Taking fish oil capsules for their omega-3 fatty acids may not help to stave off heart disease and early death after all, a new Greek study has found.

In a review of 20 previous studies involving nearly 70,000 people, many of whom were heart patients, taking fish oil capsules did not appear to lower any of the study volunteers’ chances of a heart attack or stroke. Nor did they seem to lower the risk of early death from other causes.

Even in the studies in which patients got their extra omega-3s by eating more fish, there still appeared to be no benefit, the researchers report in the Journal of the American Medical Association.

"Overall, omega-3...supplementation was not associated with a lower risk of all-cause mortality, cardiac death, sudden death, myocardial infarction, or stroke," wrote the study team, who were led by Dr. Mosef Elisaf at the University Hospital of Ioannina.

Omega-3 fatty acids have long been touted as a simple way to help improve triglycerides – a type of fat in the blood -- lower blood pressure, and control heart rhythm problems. Doctors have never been able to explain how the fats work, though it’s been theorized that they help prevent blood from sticking in blood vessels.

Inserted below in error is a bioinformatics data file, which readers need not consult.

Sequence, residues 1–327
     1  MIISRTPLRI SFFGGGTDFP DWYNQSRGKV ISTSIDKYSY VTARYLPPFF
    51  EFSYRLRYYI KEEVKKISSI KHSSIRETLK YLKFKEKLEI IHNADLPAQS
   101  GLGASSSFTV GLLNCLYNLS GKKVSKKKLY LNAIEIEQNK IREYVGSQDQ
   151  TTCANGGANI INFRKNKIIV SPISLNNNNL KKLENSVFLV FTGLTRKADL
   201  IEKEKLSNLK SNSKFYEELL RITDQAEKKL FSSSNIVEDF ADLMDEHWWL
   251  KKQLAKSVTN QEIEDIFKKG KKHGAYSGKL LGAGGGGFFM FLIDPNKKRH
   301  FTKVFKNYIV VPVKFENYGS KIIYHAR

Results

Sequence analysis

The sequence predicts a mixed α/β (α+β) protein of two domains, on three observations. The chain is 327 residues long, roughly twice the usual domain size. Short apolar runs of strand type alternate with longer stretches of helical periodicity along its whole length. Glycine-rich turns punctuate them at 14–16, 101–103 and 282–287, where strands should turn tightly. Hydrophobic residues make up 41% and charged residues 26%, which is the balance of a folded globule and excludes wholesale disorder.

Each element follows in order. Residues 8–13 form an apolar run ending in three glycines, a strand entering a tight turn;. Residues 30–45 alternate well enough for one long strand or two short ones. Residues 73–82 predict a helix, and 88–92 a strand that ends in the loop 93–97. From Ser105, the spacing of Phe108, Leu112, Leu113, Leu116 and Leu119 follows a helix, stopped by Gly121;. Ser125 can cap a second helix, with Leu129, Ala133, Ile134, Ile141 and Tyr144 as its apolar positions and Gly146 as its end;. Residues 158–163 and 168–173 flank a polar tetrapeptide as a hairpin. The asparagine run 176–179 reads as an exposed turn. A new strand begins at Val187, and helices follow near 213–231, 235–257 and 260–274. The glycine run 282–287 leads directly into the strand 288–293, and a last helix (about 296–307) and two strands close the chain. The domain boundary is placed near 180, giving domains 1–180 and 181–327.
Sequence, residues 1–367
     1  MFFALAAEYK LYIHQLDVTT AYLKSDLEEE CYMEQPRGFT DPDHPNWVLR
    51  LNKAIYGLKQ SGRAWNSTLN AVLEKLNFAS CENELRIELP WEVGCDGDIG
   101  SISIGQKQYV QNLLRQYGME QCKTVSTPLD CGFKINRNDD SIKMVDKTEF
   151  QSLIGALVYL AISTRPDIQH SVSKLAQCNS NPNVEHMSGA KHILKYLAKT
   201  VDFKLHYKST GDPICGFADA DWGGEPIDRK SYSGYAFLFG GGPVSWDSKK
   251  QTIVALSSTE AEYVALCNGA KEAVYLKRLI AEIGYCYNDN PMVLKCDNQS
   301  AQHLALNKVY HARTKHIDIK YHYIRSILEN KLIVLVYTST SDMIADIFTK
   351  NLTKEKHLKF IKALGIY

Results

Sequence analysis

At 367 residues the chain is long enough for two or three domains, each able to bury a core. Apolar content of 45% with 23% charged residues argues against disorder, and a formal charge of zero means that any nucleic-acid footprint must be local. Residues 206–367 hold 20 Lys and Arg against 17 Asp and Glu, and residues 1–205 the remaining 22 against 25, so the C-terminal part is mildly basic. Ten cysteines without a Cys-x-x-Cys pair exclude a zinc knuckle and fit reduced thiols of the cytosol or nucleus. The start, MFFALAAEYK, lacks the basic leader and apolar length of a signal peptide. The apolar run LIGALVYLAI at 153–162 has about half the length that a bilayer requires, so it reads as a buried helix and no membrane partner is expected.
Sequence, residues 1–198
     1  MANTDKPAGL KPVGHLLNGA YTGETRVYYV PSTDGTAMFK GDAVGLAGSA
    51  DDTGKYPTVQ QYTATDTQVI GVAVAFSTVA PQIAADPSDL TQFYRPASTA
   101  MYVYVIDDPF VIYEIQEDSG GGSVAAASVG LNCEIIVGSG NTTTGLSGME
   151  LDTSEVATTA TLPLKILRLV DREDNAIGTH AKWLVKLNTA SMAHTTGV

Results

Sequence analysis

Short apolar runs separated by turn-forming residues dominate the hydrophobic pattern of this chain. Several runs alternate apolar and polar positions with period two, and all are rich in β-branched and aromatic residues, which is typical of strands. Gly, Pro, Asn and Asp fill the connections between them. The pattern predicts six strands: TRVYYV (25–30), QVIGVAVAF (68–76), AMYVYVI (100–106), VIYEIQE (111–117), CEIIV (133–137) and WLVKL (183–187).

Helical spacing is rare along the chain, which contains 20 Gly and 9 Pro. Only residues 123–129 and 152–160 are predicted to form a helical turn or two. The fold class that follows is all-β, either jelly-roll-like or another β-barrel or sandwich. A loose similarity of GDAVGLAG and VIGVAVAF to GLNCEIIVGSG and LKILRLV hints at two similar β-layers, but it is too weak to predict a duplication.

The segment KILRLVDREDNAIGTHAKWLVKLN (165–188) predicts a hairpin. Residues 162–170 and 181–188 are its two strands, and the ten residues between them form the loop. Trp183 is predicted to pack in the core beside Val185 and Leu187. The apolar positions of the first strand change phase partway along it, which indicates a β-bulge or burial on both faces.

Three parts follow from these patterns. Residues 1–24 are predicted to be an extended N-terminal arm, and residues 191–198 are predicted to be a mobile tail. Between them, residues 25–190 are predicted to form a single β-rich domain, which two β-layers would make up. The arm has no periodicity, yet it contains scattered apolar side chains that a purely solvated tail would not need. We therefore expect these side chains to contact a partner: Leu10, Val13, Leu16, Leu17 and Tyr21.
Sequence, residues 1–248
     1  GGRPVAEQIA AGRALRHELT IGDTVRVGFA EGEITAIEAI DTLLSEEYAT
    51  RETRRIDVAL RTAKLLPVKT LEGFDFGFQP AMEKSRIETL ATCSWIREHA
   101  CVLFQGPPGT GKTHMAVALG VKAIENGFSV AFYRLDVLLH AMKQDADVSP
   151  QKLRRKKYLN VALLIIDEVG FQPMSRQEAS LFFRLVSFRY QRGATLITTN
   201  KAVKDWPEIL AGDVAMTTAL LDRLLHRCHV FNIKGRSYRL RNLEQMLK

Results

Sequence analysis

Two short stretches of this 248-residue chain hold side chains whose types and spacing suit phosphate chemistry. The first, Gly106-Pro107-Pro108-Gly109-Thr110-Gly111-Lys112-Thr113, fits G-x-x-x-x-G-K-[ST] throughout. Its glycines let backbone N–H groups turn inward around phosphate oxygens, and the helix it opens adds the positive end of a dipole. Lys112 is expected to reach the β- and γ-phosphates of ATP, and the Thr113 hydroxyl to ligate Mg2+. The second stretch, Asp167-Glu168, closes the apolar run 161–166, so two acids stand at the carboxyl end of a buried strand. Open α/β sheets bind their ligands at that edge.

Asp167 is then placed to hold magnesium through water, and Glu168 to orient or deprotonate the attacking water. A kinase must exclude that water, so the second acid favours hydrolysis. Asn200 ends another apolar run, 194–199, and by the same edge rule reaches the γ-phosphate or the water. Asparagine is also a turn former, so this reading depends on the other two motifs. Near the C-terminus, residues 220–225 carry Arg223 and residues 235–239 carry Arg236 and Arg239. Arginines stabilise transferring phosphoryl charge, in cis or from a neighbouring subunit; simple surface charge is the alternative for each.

Even the Heart and Stroke Foundation recommends that Canadians consume two to three servings of fish per week to reap the benefits of omega-3s.

But in recent years, some research has cast doubt on whether fish oil has any effect on heart attacks or strokes.

Earlier this year, a similar review based on 20,000 participants in previous trials found that omega-3 supplements had no effect on heart disease or death.

The current review looked at studies that randomly assigned participants to take omega-3 supplements or placebo pills. It also included two studies in which people got counselling about how to increase their consumption of omega-3-rich foods.

Researchers also looked at whether the increased use in recent years of statins, which are medications that lower cholesterol, or other medications might be masking the benefits of fish oils. But Elisaf and his team said that wasn't the case.

Elisaf and his team added that further studies will need to look at whether higher doses of omega-3s might be effective. But they say for now, the findings do not justify the use of omega-3 supplements regularly to prevent heart events.

“In conclusion, omega-3 (fatty acids) are not statistically significantly associated with major cardiovascular outcomes across various patient populations,” they write.

“Our findings do not justify the use of omega-3 as a structured intervention in everyday clinical practice or guidelines supporting dietary omega-3 (fatty acids) administration.”